Photos contain all the beautiful memories of life. Thanks to smartphones and digital cameras, taking pictures has become very easy and affordable. But imagine losing all of your beautiful photos one day, and they weren’t backed up? It happened to me once and it was devastating. A computer crash left me bereft of all those precious memories gathered on holiday. Yes, it can happen. And it will happen. Are you prepared?
Best Cloud Storage for Digital Photos
After learning my lesson, the search for a cheap cloud photo storage and sharing service began. There were a few simple rules that needed to be ticked off, and since SD cards are prone to failure, they obviously wouldn’t cut it anymore.
- I needed around 200GB to 100GB of storage space
- I wanted my pictures to auto-backup, from the computer’s local folder to a cloud storage service
- Photos needed to be accessible both locally and on smart-devices, plus a few bare basic editing features would be appreciated.
- The cloud photo storage solution had to be cheap: around $10-$20 per month.
Which Cloud Storage Service Fit The Bill?
Selecting the best cloud storage solution wasn’t going to be an easy task, I knew, and no single service can please everyone. Yet, the following five cloud storage services run the gamut of various criteria, and everyone single one of them easily fulfilled my personal laundry list of requirements.
- Amazon Cloud Drive
Before we go any further, a small word on photo organization software is in order. I personally like to use iPhoto (since I’m on a Mac) or Adobe Lightroom. Both programs organize pictures in a database, where they are tagged and labeled. Lightroom has an advanced feature set for editing, so it’s certainly a program professional photographers looking for unlimited cloud photo storage should check it out.
Lightroom organizes picture in a catalog, which can be auto-backed up to any cloud storage service. Eliminating the hassles of painstakingly categorizing and tagging pictures, and manual backup.
JustCloud’s biggest selling point is “unlimited storage”, which is actually a misnomer, but since no one has unlimited data — it’s not an issue worth harping on. I’ve been using JustCloud for quite a while and have yet to encounter any space or bandwidth limitations. Some claim JustCloud lays down the law if people upload or backup more than 750GB, but since I barely break the 250GB threshold, I can’t personally verify JustCloud’s stance on the 750GB issue.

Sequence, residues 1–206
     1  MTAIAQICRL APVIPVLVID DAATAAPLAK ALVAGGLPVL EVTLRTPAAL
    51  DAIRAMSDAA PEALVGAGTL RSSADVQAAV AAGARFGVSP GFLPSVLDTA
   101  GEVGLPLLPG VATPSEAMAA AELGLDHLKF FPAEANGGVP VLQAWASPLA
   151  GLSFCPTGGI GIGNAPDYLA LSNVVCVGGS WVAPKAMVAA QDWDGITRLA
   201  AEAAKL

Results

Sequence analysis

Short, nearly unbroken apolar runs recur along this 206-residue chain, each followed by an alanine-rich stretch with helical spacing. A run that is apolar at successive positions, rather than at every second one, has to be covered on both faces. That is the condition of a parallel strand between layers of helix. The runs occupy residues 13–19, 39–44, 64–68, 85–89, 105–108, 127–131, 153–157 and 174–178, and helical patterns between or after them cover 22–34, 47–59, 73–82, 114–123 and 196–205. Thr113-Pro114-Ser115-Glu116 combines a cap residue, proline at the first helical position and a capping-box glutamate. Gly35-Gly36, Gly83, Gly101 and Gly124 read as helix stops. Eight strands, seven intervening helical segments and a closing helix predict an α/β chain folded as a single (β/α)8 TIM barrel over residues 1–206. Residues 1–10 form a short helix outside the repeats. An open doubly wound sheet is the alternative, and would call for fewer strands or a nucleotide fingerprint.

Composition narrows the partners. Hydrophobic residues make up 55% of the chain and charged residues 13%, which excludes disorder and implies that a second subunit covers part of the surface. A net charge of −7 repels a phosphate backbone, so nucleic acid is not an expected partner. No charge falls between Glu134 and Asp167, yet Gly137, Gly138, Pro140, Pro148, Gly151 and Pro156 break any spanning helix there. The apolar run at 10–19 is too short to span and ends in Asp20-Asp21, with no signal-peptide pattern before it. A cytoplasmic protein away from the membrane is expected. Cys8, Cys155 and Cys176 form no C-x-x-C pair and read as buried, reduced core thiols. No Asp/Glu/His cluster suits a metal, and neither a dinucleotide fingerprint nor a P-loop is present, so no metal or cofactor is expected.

As you can imagine from the information above, I signed up with the 250GB plan because that’s just about right for me. One day I might try out the unlimited offer, yet, for now 250GB is more than sufficient.
Selecting Photos Within JustCloud
The process of backing up catalogs, individual JPEGs, RAW photos and various other image evidence of some rather wayward nights, is easy and simple on PC, Mac and mobile devices as well ( though I haven’t had the chance to try out JustCloud on an Amazon device yet, but the process was smooth on my iPad and a friend’s Surface Pro tablet)
Accessing JPEGS from JustCloud is simply a matter of signing in and downloading them, once again, this works on computers and mobile devices as well. Sharing said pictures is also a pretty straightforward process, though I find myself using file sharing less and less these days…out of lethargy.
Transferring and Starting a Backup
The most important part, of course, is transferring photos into JustCloud’s servers. After selecting the files, either schedule a backup or hit the “Start Backup Now” button. Photos (along with any other files of your choosing) will start transferring. Fortunately, since JustCloud use Amazon’s AWS servers, making the transfer process pretty quick and smooth. So it largely depends on the Internet connection being used, on how fast or slowly photos get uploaded.